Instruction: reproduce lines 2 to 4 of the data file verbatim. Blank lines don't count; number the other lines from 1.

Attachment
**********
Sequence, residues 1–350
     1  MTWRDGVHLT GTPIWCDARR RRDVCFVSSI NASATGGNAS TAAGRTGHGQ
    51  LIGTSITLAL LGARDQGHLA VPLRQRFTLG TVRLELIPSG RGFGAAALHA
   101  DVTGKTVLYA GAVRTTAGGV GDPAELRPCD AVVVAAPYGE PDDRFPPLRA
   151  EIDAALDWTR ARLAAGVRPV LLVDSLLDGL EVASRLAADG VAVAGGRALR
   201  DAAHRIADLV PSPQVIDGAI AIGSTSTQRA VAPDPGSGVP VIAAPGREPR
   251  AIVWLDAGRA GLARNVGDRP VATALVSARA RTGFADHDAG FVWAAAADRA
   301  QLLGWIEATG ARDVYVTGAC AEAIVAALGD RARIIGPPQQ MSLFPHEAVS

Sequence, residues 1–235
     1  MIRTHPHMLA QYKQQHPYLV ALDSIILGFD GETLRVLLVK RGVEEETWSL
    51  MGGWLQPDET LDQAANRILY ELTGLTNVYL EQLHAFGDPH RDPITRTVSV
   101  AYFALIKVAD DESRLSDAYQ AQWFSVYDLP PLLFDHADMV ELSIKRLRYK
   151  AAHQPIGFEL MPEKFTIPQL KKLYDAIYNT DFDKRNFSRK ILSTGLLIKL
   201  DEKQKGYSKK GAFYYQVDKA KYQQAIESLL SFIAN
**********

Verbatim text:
     1  MTWRDGVHLT GTPIWCDARR RRDVCFVSSI NASATGGNAS TAAGRTGHGQ
    51  LIGTSITLAL LGARDQGHLA VPLRQRFTLG TVRLELIPSG RGFGAAALHA
   101  DVTGKTVLYA GAVRTTAGGV GDPAELRPCD AVVVAAPYGE PDDRFPPLRA